Galaxy Evolution: Investigating Radial Trends in the Stellar Initial Mass Function using Stacked Spectra of Early-Type Galaxies
There is currently no consensus about the exact shape and, in particular, the universality of the stellar initial mass function (IMF). This is the distribution of masses of stars at the birth of a stellar population. For massive galaxies, it has been found that near-infrared (NIR) absorption features, which are sensitive to the ratio of dwarf to giant stars, deviate from a Milky Way-like IMF; their modelling seems to require a larger fraction of low mass stars. There are now increasing results looking at whether the IMF varies not only with galaxy mass, but also within galaxies.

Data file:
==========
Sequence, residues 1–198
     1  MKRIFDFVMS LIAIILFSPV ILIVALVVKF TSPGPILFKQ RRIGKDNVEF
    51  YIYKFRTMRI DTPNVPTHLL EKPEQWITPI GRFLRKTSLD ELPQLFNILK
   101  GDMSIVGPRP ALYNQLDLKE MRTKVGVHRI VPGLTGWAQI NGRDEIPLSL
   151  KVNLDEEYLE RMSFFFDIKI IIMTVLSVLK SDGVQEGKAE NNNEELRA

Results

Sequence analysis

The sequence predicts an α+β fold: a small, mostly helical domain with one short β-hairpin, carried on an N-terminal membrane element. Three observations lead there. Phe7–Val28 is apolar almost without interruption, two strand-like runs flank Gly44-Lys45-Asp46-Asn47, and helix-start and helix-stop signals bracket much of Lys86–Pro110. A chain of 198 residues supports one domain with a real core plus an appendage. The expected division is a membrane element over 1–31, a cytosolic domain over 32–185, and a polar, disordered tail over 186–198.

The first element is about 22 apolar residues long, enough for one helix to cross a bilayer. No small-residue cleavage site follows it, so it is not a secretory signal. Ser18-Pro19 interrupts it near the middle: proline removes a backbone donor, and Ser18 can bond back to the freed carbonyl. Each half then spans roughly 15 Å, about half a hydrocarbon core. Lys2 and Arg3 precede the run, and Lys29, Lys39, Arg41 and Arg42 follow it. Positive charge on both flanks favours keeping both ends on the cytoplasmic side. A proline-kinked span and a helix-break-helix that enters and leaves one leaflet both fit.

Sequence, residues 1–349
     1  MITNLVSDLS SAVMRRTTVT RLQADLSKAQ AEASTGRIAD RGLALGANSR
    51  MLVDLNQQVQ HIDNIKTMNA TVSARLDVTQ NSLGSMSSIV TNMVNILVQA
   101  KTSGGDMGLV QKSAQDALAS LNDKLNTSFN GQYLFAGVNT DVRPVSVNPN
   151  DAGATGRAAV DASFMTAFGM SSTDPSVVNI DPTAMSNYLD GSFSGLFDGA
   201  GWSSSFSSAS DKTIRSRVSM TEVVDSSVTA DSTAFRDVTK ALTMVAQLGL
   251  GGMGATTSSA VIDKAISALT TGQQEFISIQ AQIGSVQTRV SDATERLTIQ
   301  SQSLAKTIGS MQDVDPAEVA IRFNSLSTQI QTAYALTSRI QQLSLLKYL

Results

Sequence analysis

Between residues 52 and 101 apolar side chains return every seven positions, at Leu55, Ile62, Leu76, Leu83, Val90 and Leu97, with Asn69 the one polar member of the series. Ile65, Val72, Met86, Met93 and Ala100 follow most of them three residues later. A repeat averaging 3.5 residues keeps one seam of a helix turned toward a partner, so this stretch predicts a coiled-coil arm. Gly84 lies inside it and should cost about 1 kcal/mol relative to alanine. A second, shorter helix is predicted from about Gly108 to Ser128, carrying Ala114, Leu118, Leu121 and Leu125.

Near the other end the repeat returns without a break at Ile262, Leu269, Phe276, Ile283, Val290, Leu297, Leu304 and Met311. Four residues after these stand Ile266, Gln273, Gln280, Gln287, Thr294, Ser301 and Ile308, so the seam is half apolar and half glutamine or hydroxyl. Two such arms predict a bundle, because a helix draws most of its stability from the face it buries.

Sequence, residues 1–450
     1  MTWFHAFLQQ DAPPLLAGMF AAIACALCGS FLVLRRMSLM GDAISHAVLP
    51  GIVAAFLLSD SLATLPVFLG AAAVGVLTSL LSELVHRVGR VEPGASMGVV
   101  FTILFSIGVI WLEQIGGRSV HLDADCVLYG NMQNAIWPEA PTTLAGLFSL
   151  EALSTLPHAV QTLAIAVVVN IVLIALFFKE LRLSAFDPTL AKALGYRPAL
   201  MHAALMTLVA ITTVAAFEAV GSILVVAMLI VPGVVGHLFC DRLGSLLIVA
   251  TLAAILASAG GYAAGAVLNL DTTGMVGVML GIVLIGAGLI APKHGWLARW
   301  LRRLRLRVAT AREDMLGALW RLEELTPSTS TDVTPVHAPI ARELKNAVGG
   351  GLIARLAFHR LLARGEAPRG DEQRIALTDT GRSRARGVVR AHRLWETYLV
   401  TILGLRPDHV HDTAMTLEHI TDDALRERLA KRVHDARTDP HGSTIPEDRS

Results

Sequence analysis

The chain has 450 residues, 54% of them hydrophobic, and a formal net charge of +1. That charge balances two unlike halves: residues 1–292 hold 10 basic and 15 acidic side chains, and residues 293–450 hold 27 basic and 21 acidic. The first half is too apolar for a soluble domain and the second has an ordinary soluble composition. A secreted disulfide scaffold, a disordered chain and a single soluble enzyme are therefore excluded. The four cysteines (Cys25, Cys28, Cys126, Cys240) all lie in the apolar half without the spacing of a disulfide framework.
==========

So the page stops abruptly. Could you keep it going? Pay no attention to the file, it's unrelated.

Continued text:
The SDSS-IV/MaNGA integral-field survey will provide spatially resolved spectroscopy for 10,000 galaxies at R~2000 from 360-1000nm. Spectra of early-type galaxies were stacked to achieve high S/N which is particularly important for features in the NIR. These trends were compared with stellar population models for a range of absorption features in order to separate out degeneracies due to changes in stellar population parameters, such as age, metallicity and element abundances, with potential changes in the IMF. I will present our preliminary results for 615 galaxies and discuss the implications for galaxy formation models.